Selwyn Cooper, the man at the helm of Volvo’s corporate sales, must have breathed a sigh of relief when the brand’s first premium five-door hatchback (the V40) was unveiled at the Geneva Motor Show last week.
The V40’s launch means that Volvo finally has “a true contender” in the C-segment.
Up until now, Volvo’s presence in that sector has rested with the three-door C30 and that was a “real handicap”, according to Cooper.
Having the V40 should help to win new customers as well as expanding the brand’s offering to current customers who have Volvos on the choice list only at management level.
Supply will be limited this year – 2,000 to 2,500, with the first customer registrations taking place in September – but Cooper wants to achieve an advanced order bank of 4,000.
His confidence in the V40 has been buoyed by positive feedback from key influencers in the fleet market who were given early access to the car.
The general feeling is that it will “get people to reappraise the Volvo brand”.
He says that granting early access was “a massive leap of faith” as Volvo was the type of brand that wouldn’t even admit a car was coming until the official launch.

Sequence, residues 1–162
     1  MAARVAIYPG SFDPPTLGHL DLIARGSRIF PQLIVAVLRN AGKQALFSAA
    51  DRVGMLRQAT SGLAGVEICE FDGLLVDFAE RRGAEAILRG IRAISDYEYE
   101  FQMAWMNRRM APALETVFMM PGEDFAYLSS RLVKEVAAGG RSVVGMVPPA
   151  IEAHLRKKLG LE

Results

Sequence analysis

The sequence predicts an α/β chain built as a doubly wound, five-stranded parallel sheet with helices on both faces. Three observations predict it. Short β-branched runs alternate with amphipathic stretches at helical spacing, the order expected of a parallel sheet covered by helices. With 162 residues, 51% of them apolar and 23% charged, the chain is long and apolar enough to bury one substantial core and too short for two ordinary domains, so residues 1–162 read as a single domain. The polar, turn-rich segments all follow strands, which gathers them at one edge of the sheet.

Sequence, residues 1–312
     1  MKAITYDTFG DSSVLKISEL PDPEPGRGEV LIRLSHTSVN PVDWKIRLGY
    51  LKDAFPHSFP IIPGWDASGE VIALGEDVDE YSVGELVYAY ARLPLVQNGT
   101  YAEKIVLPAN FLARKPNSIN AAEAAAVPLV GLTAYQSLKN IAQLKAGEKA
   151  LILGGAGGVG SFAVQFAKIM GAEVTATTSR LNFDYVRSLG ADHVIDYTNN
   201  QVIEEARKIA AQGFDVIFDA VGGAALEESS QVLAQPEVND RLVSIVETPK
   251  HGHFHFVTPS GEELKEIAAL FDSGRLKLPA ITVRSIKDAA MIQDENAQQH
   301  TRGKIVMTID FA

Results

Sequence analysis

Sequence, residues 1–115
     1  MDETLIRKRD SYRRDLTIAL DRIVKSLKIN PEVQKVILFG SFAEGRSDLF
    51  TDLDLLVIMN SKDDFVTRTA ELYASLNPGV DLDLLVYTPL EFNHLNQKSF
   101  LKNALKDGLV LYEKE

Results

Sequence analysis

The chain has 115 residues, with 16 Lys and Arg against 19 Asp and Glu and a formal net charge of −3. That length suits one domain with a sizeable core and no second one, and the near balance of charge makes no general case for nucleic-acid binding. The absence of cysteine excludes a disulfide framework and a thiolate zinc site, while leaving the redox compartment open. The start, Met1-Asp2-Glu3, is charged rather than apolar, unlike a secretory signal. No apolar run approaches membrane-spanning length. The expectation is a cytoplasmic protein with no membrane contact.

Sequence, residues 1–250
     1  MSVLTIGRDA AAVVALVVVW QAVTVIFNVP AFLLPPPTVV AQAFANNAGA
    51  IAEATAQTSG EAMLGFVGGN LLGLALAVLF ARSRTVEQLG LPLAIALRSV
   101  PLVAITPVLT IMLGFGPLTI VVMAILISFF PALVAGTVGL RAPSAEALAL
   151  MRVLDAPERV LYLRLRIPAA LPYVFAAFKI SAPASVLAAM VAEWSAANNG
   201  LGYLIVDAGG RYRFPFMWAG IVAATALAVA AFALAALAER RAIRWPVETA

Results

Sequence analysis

The move is part of the brand’s desire to increasingly treat contract hire and leasing companies as business partners.
“We want to work closely with leasing companies so they understand the Volvo product and how it can work for their customer base,” he says.
Last year more than 70% of Volvo’s sales to fleet/end-user customers were via a leasing company and that is expected to increase. They have a key role to play in Volvo’s growth.
Ambitious growth plans
It’s no secret that Volvo has set high sales aspirations.
It wants to achieve 800,000 global sales by 2020, which translates to 35,000 fleet registrations in the UK – double last year’s figure.
Cooper is keen to point out that Volvo won’t be relying on short-term change cycle business to reach that target.